For DIE WELT, I interviewed Neil Woodford, one of the most successful fund managers in the UK. Woodford worked for over 25 years at Invesco Perpetual before founding his own investment management company in 2014, Woodford Investment Management. I went to Oxford to pose some questions to him. The slightly longer version of the interview, in German, will be published in DIE WELT later this week.
How did you initially react to the Brexit vote? Did you see it coming?
In the lead up to the referendum I had thought that the vote would be close but I was surprised by the outcome. It was a surprise largely because the bookies were confidently predicting a Remain win as was the market – the polls were much closer but their credibility had been undermined by their failure to accurately predict the outcome of last year’s General Election.
What is your assessment of the initial market reaction and what do you expect for the weeks to come?
Investors are worried – they don’t know what Brexit means politically and economically. At times like this, it pays to keep calm. I’ve said before on several occasions, that this result isn’t going to change the fundamental trajectory of the UK economy over the next three to five years. We’ve been cautious about the outlook for the UK economy and the global economy for some time – there are many other challenges that we need to face up to.
In how far will there be a long term impact for financial markets in the UK, Europe and also globally?
It’s very difficult to say. It is likely that political uncertainty will continue both here in the UK and in the rest of the EU – not least because the new Prime Minister will not be known until after the summer and only then is it likely that the process of triggering Article 50 will start. How the negotiations then unfold is not clear. Having said that, I believe that the vote’s economic implications have been exaggerated significantly and that the fall in equity markets overdone. Within a few weeks I expect calm to return and a more balanced perspective to replace the fear of the last few days.
Do you think this could trigger another financial crisis or not? If not, why not?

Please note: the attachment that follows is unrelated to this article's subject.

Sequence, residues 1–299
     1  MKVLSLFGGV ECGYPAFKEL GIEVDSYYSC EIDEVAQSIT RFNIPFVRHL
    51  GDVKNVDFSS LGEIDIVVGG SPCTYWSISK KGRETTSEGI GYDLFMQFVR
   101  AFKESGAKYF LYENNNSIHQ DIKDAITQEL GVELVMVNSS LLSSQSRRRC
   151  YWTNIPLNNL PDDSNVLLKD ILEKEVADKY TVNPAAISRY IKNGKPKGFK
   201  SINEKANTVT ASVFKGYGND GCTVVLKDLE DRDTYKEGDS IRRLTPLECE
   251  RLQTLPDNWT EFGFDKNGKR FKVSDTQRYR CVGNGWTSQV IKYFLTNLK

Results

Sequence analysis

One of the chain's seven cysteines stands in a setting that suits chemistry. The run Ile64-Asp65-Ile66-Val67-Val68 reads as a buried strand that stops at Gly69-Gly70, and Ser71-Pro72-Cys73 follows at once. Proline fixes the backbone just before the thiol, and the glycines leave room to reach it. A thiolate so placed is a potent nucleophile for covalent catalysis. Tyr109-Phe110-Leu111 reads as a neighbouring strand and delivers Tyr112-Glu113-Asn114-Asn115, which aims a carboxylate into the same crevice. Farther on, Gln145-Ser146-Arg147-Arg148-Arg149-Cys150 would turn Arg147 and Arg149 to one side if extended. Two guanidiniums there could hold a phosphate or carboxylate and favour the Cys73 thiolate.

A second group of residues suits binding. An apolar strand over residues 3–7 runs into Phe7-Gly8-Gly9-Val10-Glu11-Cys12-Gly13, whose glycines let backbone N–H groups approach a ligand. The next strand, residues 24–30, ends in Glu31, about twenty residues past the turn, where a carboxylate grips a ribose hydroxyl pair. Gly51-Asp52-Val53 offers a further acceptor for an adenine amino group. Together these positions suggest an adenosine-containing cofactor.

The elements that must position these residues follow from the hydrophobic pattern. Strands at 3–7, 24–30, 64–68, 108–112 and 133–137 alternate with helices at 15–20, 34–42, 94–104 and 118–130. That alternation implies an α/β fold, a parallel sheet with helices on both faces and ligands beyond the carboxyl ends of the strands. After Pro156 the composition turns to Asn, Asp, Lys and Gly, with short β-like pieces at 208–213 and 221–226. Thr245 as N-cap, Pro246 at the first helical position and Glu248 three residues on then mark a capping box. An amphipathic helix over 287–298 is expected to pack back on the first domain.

I do not expect the UK economy to fall into a recession. Growth will slow but not by as much as people think. Inflation in the UK will also end up being a little higher as a result of the fall in sterling. Financial markets in other parts of the world should also recover some poise in the next few weeks. However, macro challenges will continue to build and global growth will continue to slow.
What does this mean for investor sentiment towards the UK? Will the UK become less attractive for international investors and do you think this period will last long?
Sterling’s fall makes the UK more attractive as a destination for foreign investment although how the discussions go with the EU after October will have an important bearing on the near-term level of business confidence. In the medium and long term other factors will be much more important in defining international investors perception of the UK as a destination for investment – for example, productivity, legal framework, tax, labour market flexibility, regulation, education and skill levels, and political stability.
Which stocks do you see benefitting from this, both short- and long-term?
We construct our portfolio in the light of those challenges that we’re going to have to navigate through over the next three to five years and beyond. I don’t think the prospects for the businesses that we’ve invested in have deteriorated at all as a result of the referendum. The course of those businesses is broadly as we thought it was before we voted to leave. So if you accept that the prospects are unaltered, and yet prices are lower, then by definition this means that the investment opportunity is more attractive.